The Women’s, Gender and Sexuality Studies program is piloting a new capstone seminar for graduate students’ senior theses discussions this semester.
The seminar allows graduate students to jointly develop their theses through dialogue and peer review with other graduate students working on their final projects, faculty said. Kavita Daiya, the director of the program, said the seminar takes graduate students out of the isolation that students usually face in writing their theses and fosters a greater sense of community among the students.
Daiya said she came up with the idea for the course with Cynthia Deitch and Eiko Strader, two other professors in the program. She said the three of them began talking last year about how to improve the program’s graduate student experience to combat seclusion.
“They’re largely working on their own in the library all by themselves or in the attic and doing this research in isolation,” she said.
Daiya said faculty garnered student feedback last spring informally through word of mouth and formally through a survey, which led to faculty discussions about how to reinvent the curriculum.
“We did a survey of the graduate students, and we learned about what was working for them, what they saw as the strength of their experience here at GW,” Daiya said. “Then we asked them to share what they found challenging.”
She said students typically write their theses and receive feedback from a single professor, which limits their opportunity for feedback and discussion, but she wanted students to be able to collaborate so they could reap the benefits of other perspectives on their work.
“Instead of being isolated in your last semester like that, we thought it would be really great to bring everyone together who was working on these theses into a seminar,” she said.
Faculty said nine students are currently enrolled in the course, and 14 are expected to enroll next year. There is no limit on the number of graduate students who can enter the program, professors said.
Daiya said faculty plan to pilot the capstone this year by introducing tentative changes for this semester only, and if students enjoy the experience and Strader reports it met its goal to improve students’ writing, faculty will offer the program every year.
She said she has met with a few students in the capstone seminar, asking for reactions, and heard positive feedback about the changed curriculum.
“They’ve all had really positive things to say about it,” she said. “They are enjoying the fact that it is providing a writing community.”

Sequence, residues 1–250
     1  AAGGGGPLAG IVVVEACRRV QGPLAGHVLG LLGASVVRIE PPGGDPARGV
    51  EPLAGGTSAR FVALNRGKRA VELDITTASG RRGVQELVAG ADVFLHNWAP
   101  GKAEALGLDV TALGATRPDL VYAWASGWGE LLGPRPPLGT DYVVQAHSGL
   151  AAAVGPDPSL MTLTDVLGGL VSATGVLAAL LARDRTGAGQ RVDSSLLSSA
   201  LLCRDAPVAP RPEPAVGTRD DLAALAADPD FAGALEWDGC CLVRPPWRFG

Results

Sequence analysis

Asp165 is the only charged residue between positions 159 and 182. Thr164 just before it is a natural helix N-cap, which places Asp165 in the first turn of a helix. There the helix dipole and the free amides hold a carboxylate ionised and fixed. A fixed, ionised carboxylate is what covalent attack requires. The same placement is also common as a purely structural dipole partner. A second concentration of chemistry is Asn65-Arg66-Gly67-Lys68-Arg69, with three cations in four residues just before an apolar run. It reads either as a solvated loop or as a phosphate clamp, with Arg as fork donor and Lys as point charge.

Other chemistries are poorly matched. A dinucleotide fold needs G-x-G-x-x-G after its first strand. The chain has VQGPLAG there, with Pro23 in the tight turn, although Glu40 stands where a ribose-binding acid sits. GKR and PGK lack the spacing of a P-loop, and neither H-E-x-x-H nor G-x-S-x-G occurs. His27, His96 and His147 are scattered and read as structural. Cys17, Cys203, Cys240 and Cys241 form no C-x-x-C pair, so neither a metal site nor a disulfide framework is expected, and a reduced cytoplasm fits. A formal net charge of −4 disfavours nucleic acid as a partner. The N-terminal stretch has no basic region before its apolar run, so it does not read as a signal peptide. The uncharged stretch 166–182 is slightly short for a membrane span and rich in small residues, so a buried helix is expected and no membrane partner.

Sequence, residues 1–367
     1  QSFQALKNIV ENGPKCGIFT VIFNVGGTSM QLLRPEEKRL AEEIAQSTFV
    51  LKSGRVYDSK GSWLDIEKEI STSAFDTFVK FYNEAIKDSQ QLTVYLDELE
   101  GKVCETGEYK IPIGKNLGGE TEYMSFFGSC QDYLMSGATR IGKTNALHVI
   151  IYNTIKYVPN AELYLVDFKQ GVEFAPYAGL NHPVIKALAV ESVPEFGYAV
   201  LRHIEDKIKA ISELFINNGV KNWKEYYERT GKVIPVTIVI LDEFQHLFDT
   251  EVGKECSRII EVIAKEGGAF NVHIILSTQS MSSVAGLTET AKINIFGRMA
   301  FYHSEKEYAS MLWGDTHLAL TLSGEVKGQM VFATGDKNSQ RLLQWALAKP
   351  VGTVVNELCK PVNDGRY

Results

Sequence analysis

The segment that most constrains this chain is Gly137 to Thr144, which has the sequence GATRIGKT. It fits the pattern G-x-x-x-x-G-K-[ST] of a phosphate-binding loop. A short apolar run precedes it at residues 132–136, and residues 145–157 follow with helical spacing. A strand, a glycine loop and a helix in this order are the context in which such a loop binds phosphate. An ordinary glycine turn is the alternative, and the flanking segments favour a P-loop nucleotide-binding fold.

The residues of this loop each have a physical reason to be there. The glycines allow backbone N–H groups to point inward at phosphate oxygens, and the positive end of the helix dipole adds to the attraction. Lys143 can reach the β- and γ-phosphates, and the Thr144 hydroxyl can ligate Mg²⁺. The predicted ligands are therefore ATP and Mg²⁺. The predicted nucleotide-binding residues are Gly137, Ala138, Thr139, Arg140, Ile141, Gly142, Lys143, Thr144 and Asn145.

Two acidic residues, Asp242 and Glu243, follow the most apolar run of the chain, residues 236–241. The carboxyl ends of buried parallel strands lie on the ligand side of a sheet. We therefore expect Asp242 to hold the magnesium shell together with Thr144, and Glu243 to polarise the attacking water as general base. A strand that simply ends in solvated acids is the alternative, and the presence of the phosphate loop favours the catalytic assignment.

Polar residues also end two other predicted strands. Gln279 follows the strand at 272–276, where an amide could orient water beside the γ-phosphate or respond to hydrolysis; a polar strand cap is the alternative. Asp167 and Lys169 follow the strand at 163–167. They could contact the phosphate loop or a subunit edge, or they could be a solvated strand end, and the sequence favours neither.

Strader, the professor overseeing the course, said she pitched the idea last year with some faculty members on a curriculum review committee looking to improve the capstone program.
She said she determined that the graduate students needed a more creative experience by brainstorming with others to further their intellectual goals. By talking to their peers regularly, they can receive suggestions about reading and research that would benefit their theses, Strader said.
“The goal is learning how to do research on your own and also how to be in conversation with your peers,” she said.
Strader said she agreed to design and teach the seminar because she wanted to develop a more systematic approach for graduate students to complete capstone assignments than working independently. She said these individual research projects are supposed to reflect everything they have learned in all the classes they have taken so far, including feminist theory and research issues.
“They need to bring all those things together and develop their own research paper,” Strader said.
Strader said that based on the feedback already obtained from graduate students and other professors who the students in the seminar consult with, the program will likely be formally incorporated into the curriculum beginning next year.
Joseanne Lopez, a second-year graduate student in the course, said the seminar has encouraged a more rigid timeline for completing her work by requiring certain deadlines be met so she can collaborate with peers. She said the feedback from her peers has been a “great resource” that has helped ensure her research “is credible and of high quality.”
“The capstone seminar has provided me with an insightful and forward-looking approach to not only constructing my research paper but also in developing an in-depth meaning to and understanding of my research goals,” she said.
Sarah-Anne Gresham, another student in the course, said the seminar complemented her writing strategy during the “most stressful semester of a master’s program” by including other perspectives in her writing.
“It is providing the structure needed to complete my research on time, and it is also helping me to become more disciplined and strategic in my approach to writing,” she said.
This article appeared in the February 3, 2020 issue of the Hatchet.